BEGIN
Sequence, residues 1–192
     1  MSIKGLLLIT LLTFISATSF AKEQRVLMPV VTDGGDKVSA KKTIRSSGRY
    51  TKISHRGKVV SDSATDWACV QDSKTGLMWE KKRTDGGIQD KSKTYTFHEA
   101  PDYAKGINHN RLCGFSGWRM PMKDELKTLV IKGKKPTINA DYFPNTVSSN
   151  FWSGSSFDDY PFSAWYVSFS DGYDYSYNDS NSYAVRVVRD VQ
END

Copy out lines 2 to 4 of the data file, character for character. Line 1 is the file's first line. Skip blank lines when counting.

     1  MSIKGLLLIT LLTFISATSF AKEQRVLMPV VTDGGDKVSA KKTIRSSGRY
    51  TKISHRGKVV SDSATDWACV QDSKTGLMWE KKRTDGGIQD KSKTYTFHEA
   101  PDYAKGINHN RLCGFSGWRM PMKDELKTLV IKGKKPTINA DYFPNTVSSN